Tom’s trial, arbitration and appellate practice concentrates in disputes arising in the oil and gas, contract, intellectual property and entertainment law fields. Tom maintains a diverse litigation practice that encompasses oil and gas technology, royalty, joint venture and joint interest disputes, civil fraud, contractual conflicts, partnership disputes, bankruptcy fraud and other areas.
In his entertainment-related practice, Tom has represented both artists and institutional clients, including Destiny’s Child, Beyoncé Knowles, Kelly Rowland and Michelle Williams, and Sony Music Entertainment Inc. In his commercial trial practice, he has represented Exxon Mobil Corporation, Gyrodata, Inc., FMC Technologies, Inc., Huddleston & Co., Tesco Corporation, Duke Energy, EOG Resources, Inc., Celotex Corporation, Total Separation Solutions, LLC, JMB Properties Company and numerous estates in bankruptcy. He has also represented a number of individuals in high profile business and non-business disputes.
Fulkerson Lotz L.L.P.
Clements, O’Neill, Pierce, Wilson & Fulkerson, L.L.P.
Porter & Clements, L.L.P. 1990-1993
Morris & Campbell 1983-1990
Baylor Law School, J.D., Cum Laude, 1983, Waco, Texas
Northwestern University, B.A. in Economics, 1980, Evanston, Illinois
Quest Integrity LLC v. Cokebusters USA Inc. (2014-2016). We represent Cokebusters in defense of a patent infringement action brought by Quest.
Pete Altimore, et al vs. USCA Securities, LLC, US Capital Advisors LLC and USCA RIA, LLC (2013-2014). We represented 19 retired Exxon Mobil employees in claims for mismanagement of their retirement savings account by their financial advisor. After a seven day FINRA arbitration hearing, the arbitration panel ruled in favor of the Claimants.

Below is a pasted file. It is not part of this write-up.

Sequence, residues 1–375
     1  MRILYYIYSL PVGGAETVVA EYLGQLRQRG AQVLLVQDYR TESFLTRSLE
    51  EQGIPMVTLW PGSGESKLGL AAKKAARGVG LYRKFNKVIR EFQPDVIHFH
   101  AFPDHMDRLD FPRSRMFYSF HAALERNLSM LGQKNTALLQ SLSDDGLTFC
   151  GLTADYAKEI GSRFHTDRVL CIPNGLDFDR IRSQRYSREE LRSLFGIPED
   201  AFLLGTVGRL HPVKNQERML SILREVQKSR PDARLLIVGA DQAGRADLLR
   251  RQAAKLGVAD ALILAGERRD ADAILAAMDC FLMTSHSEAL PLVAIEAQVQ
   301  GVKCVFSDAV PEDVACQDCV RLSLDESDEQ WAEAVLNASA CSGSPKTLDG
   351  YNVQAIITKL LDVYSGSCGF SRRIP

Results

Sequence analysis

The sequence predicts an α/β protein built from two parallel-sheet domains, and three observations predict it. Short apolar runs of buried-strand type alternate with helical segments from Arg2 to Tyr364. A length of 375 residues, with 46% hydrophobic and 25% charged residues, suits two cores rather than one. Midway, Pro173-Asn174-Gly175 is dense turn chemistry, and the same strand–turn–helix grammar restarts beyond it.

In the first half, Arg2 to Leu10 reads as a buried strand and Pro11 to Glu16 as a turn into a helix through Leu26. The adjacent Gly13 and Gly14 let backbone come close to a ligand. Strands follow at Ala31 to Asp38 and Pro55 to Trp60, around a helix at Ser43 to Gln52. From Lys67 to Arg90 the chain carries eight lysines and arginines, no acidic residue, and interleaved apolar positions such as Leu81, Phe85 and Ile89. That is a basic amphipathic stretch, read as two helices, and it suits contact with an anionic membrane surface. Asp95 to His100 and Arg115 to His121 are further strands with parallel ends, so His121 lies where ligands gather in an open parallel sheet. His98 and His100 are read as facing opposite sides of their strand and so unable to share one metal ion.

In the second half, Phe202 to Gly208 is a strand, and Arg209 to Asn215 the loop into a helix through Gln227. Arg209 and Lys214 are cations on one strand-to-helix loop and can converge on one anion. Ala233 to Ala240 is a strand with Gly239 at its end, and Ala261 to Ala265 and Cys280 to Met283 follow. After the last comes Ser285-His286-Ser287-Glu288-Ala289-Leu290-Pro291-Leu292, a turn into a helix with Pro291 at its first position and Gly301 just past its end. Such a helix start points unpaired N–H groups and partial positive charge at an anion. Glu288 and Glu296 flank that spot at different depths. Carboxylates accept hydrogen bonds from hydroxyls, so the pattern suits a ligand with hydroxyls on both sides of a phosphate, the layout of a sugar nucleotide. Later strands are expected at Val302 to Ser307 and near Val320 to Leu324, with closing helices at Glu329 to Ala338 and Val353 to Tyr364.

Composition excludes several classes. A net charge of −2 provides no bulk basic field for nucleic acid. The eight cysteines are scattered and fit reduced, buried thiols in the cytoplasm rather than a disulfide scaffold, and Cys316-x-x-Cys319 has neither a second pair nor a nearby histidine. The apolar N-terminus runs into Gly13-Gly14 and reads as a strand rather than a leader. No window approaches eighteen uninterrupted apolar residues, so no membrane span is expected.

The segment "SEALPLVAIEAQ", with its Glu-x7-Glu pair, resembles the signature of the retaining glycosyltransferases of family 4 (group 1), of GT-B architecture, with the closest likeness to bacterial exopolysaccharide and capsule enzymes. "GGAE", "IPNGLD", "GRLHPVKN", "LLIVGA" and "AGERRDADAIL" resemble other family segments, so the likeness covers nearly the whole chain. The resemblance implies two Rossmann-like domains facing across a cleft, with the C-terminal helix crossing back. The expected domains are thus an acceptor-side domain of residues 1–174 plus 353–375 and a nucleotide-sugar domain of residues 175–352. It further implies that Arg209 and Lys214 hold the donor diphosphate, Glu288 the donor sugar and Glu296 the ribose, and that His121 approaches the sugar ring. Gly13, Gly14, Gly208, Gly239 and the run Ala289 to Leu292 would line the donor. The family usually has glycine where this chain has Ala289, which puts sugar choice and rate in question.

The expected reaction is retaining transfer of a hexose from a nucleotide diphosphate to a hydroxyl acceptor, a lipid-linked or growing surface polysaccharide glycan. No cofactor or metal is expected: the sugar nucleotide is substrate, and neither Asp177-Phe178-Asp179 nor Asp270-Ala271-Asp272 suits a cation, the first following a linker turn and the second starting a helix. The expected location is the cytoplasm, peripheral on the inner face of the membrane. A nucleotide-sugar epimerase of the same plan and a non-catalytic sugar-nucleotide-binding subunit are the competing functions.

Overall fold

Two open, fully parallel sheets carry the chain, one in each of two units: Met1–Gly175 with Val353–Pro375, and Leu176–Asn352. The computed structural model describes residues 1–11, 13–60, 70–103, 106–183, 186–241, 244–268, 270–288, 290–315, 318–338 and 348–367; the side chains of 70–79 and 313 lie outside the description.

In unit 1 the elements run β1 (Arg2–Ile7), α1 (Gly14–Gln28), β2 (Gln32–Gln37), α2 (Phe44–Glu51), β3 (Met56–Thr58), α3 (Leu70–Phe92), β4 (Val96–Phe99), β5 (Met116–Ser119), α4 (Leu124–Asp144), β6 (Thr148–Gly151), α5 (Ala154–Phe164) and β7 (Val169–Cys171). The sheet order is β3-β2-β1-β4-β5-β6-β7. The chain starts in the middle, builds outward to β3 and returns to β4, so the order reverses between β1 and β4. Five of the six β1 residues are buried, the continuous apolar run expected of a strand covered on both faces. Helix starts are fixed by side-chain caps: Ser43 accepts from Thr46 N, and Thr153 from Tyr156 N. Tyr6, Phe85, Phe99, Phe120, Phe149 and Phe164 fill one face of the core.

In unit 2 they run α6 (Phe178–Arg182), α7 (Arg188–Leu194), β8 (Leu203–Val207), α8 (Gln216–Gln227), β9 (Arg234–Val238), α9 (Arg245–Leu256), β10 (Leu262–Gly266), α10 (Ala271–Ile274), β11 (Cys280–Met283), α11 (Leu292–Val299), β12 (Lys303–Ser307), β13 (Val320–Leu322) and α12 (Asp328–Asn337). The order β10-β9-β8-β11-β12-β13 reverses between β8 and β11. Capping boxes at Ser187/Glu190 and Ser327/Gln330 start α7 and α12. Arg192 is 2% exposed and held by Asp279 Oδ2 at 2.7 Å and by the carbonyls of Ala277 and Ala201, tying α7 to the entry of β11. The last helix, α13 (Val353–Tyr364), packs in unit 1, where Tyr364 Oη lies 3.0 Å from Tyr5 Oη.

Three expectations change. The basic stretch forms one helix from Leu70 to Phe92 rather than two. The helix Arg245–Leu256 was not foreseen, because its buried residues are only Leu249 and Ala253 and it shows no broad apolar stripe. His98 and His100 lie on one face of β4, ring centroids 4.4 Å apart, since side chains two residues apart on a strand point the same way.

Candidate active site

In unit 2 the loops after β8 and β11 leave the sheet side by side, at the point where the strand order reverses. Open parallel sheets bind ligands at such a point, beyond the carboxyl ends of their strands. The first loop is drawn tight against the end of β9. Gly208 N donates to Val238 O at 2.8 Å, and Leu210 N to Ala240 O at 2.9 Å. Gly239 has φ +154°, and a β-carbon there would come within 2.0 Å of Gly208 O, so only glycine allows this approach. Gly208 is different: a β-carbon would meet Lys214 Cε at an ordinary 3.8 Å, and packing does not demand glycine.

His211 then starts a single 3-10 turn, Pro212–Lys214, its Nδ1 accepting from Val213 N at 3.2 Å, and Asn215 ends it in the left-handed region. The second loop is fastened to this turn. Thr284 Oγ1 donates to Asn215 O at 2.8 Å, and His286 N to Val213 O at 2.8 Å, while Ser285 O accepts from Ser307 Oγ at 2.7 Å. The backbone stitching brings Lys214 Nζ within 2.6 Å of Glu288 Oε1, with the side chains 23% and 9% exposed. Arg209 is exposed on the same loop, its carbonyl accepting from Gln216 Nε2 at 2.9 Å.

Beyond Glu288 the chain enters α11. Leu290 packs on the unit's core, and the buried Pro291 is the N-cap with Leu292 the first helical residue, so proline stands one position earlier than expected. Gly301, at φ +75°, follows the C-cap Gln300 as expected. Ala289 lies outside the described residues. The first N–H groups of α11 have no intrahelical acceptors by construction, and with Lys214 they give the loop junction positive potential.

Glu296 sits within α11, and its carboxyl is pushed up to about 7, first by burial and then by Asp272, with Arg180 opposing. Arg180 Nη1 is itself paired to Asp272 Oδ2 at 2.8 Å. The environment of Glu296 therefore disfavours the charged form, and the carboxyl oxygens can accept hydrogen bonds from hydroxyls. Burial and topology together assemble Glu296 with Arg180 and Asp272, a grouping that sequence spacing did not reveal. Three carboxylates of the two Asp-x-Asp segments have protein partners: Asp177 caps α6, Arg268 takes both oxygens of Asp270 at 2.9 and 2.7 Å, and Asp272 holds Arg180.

Caseta Sellers v. Telvent (2011-2013). We obtained a $9.2 million arbitration award (net of fees) for our clients in connection with the sale of an electronic tolling business to a Spanish conglomerate. See Award
Gyrodata Inc. v. Atlantic Inertial Systems, et al. (2008-2012). We represented Gyrodata in litigation regarding the development, sale and delivery of gyroscopes used in the oilfield. Following extensive discovery and summary judgment briefing, the claims were settled in an agreement that requires confidentiality as to the result obtained. See Second Amended Complaint
FMC Technologies, Inc. v. Frac Tech Services, Ltd. (2010-2012). We represented FMC Technologies, Inc. in a dispute over well service pumps. We tried the case in March 2011, obtaining a unanimous verdict in favor of FMCTI and against all counterclaims. The matter has since been settled on terms requiring confidentiality as to the amount and terms of settlement. See judgment